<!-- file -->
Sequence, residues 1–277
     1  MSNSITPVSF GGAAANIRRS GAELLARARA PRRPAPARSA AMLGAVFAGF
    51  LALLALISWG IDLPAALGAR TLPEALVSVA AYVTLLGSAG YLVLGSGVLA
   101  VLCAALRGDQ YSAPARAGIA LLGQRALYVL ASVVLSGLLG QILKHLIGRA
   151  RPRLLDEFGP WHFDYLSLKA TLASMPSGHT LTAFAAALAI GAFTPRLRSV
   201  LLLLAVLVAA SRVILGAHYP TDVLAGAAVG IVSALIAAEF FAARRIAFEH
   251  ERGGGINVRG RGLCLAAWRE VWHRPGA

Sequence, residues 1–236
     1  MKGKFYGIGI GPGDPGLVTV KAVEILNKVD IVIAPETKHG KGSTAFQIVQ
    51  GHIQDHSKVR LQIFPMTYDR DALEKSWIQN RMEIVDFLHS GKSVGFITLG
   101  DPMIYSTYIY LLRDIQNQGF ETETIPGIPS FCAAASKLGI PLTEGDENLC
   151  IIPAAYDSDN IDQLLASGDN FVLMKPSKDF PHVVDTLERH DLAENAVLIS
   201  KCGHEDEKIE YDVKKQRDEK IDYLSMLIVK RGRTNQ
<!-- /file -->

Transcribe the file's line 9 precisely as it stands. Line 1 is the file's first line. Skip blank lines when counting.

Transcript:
     1  MKGKFYGIGI GPGDPGLVTV KAVEILNKVD IVIAPETKHG KGSTAFQIVQ